Annual Gift Tax Exclusion

on April 14, 2017

Gifts from a donor to a recipient might be subject to gift taxes, which are paid by the donor. Gifts to the donor’s spouse are not subject to gift taxes, nor are direct payments of tuition to an educational institution or direct payments of medical expenses. Donors can give up to the annual gift tax exclusion amount to each recipient without incurring gift taxes.

 

The annual gift tax exclusion is $14,000 in 2017. The annual gift tax exclusion is adjusted annually for inflation and rounded to the nearest multiple $1,000. The annual gift tax exclusion has been $14,000 since 2013 and is likely to continue to be $14,000 in 2018.

 

A married couple can together give up to twice the annual gift tax exclusion to each recipient. Thus, they can give each recipient up to $28,000 in 2017 without incurring gift taxes.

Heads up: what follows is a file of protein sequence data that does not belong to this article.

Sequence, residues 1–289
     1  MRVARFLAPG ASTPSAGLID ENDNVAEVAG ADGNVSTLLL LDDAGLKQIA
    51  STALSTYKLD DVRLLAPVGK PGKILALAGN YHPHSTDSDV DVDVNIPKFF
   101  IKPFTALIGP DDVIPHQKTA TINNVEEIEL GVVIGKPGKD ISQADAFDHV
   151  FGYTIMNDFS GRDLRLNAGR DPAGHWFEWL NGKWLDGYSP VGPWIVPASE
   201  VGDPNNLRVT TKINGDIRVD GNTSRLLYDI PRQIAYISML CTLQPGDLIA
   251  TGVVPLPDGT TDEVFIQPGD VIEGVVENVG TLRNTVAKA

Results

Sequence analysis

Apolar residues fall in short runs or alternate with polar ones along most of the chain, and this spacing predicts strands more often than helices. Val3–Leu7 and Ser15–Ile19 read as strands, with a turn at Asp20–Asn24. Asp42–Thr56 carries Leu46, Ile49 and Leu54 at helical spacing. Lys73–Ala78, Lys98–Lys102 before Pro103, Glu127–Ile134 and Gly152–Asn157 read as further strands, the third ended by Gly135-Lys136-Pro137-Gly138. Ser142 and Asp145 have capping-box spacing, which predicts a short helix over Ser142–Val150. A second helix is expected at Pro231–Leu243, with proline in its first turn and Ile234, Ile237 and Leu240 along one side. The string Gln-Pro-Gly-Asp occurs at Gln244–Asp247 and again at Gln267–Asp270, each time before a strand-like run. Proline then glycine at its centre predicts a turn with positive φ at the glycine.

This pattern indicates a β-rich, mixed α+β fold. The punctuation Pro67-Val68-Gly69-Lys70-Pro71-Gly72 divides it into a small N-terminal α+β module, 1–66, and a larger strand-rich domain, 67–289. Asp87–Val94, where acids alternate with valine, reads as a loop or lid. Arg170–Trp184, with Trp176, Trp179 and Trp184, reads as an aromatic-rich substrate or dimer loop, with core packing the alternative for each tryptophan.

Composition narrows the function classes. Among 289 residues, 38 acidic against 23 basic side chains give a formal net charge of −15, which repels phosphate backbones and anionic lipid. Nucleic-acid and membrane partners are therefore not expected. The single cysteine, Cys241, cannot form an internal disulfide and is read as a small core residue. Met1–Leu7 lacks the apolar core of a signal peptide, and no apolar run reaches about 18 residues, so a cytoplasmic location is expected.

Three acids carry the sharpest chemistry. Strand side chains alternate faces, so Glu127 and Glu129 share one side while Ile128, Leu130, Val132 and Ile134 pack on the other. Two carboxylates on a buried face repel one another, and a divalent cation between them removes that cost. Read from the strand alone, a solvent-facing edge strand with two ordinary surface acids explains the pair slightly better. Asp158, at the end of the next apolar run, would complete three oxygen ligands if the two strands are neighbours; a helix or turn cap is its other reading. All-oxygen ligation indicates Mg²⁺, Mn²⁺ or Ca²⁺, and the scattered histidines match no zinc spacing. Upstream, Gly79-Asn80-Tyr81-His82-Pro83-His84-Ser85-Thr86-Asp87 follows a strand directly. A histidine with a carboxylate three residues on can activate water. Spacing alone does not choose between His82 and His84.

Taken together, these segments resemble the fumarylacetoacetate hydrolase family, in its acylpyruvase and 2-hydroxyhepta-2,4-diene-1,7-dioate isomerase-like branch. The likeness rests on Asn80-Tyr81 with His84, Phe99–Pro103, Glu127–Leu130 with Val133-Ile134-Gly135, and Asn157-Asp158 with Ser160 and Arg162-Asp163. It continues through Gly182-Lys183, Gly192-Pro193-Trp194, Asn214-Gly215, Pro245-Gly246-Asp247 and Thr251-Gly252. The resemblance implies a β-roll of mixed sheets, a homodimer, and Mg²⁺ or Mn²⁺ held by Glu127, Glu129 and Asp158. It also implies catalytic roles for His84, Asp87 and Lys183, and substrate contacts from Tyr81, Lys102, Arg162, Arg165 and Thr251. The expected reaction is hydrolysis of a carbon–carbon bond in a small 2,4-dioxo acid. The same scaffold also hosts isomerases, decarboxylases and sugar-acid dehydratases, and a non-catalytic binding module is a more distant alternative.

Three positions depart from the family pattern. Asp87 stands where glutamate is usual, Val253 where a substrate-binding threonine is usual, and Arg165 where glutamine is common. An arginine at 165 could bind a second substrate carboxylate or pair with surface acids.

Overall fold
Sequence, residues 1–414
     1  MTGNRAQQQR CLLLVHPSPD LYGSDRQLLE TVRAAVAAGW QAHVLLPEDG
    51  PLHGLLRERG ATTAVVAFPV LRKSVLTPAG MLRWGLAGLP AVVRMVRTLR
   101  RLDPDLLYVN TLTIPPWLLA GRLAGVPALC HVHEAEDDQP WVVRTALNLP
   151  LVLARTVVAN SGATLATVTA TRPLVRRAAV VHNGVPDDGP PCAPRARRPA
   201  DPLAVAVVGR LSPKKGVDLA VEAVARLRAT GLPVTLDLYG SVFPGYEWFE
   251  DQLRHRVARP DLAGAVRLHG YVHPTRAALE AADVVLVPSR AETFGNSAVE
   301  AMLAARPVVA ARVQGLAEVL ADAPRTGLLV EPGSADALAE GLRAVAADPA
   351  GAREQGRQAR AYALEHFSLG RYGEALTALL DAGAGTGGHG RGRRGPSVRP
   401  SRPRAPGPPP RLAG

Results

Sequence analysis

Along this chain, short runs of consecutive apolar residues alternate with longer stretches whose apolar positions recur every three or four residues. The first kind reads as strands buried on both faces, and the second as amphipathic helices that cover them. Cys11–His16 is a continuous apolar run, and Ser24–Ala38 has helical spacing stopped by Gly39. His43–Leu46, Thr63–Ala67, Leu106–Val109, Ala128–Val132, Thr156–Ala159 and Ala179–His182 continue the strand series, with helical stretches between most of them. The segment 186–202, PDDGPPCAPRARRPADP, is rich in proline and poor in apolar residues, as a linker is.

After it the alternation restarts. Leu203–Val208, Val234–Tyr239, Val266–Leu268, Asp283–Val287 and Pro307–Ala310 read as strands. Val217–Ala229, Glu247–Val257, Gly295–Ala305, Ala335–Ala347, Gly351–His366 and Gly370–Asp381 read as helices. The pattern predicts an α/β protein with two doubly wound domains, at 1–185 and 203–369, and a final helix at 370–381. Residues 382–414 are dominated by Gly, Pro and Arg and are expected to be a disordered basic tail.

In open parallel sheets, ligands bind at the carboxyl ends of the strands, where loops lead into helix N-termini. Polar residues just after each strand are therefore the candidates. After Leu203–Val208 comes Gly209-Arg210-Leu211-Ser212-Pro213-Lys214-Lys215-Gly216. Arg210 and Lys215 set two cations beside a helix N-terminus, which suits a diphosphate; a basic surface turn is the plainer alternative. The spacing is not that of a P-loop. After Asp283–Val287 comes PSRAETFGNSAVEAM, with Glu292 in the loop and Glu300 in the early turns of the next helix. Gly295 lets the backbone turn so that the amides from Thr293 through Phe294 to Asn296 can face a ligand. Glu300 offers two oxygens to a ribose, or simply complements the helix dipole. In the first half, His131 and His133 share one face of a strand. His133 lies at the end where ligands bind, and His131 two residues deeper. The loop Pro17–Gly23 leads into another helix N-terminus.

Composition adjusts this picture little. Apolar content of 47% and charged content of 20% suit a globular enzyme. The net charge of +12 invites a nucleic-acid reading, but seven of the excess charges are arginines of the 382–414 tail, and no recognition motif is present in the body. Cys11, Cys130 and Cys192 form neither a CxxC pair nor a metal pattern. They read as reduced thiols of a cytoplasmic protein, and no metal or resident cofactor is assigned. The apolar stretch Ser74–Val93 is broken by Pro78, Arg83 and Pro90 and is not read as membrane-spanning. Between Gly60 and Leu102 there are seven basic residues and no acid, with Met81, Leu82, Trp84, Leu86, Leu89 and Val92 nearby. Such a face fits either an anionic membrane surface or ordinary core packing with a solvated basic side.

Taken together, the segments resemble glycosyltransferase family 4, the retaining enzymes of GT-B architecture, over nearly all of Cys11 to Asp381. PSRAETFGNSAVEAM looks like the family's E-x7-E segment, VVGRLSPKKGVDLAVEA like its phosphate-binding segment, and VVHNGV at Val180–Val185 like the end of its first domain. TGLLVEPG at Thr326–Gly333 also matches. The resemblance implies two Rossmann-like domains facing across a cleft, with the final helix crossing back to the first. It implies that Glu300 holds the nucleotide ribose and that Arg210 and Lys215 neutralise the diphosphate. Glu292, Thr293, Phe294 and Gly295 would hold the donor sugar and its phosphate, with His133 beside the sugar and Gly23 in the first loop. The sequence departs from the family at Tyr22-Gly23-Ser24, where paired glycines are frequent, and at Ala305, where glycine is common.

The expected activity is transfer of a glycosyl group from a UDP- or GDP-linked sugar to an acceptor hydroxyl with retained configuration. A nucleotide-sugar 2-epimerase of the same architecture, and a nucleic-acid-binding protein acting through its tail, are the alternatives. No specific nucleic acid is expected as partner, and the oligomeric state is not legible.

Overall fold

529 college savings plans allow for five-year gift tax averaging, where lump sum contributions to a 529 plan are treated as occurring ratably during a five-year period starting with the tax year in which the contribution is made. Accordingly, contributions to a 529 plan can be up to five times the annual gift tax exclusion amount, up to $70,000 for an individual donor and up to $140,000 for a married couple, without resulting in a gift tax liability.

 

Note that the annual gift tax exclusion is per recipient. Grandparents can make gifts to each grandchild up to the annual gift tax exclusion amount.

 

If a donor makes contributions to a recipient that exceed the annual gift tax exclusion amount, including five-year gift tax averaging, the donor will need to file a gift tax return, IRS Form 709. This might or might not yield a gift tax liability.

 

If there is a gift tax liability, in most cases the donor will use part of their lifetime estate and gift tax exclusion. The lifetime estate and gift tax exclusion is currently in excess of $5 million.

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